February 4th, 2007

20111112, Marilee

The Final Cut

I thought this movie with Robin Williams started a little slow. We only reach the motivating part halfway through, so that's a long setup.

The movie starts with Robin's character, Alan, as a boy enticing another boy into a dangerous building and when he teases the boy to come across a board over a deep hole, the boy falls. Alan remembers blood all around him. His family is just in the area for a visit, so he leaves thinking he's killed the other boy.

The movie cuts to the near future where a memory implant called Zoe can be bought and placed in a baby's mind, if you have the money. The implant grows with the person and remembers everything they see (and runs a clock at the bottom of the display). "Cutters" are people who take the implant after death and make nice movies for the family's Rememories -- a rough equivalent of a funeral or wake. Alan is a highly-wanted cutter. There's a backlash against the implant, after all, people have been observed by the now-dead and their privacy is being invaded, but so far, the implant is sacrosanct.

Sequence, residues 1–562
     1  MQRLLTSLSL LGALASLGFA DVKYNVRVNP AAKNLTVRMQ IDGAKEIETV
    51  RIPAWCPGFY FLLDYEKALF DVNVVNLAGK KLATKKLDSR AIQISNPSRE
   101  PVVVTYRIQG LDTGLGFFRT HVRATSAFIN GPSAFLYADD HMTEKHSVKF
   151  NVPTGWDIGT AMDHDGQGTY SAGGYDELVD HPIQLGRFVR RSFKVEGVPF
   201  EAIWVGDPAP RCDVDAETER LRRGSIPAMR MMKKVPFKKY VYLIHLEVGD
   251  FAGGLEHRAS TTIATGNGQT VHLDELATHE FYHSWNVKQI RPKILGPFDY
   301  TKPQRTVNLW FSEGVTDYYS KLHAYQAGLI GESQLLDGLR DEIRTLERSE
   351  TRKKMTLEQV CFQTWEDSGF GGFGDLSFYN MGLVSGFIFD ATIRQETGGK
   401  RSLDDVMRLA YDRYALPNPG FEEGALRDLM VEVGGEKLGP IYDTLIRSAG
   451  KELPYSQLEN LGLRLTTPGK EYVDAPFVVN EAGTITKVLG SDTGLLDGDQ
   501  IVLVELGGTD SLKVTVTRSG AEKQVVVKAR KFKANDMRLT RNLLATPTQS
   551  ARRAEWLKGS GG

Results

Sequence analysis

Alan takes on an implant that is considered to be touchy since there's some belief that the deceased has done bad things. The protestors want the implant, too, because the deceased was an exec of the company that invented and makes the implants. While Alan is watching the implant (the set design for cutters is very well done), he finds an adult who he is sure is the kid he killed. He spends time trying to find out for sure and in the process is in danger, finds out life-changing information, and takes chances.

It would be hard to say I enjoyed this movie, it's very solumn, but the point was very effectively made. As a fan, I've read this point made many times so it wasn't a new point.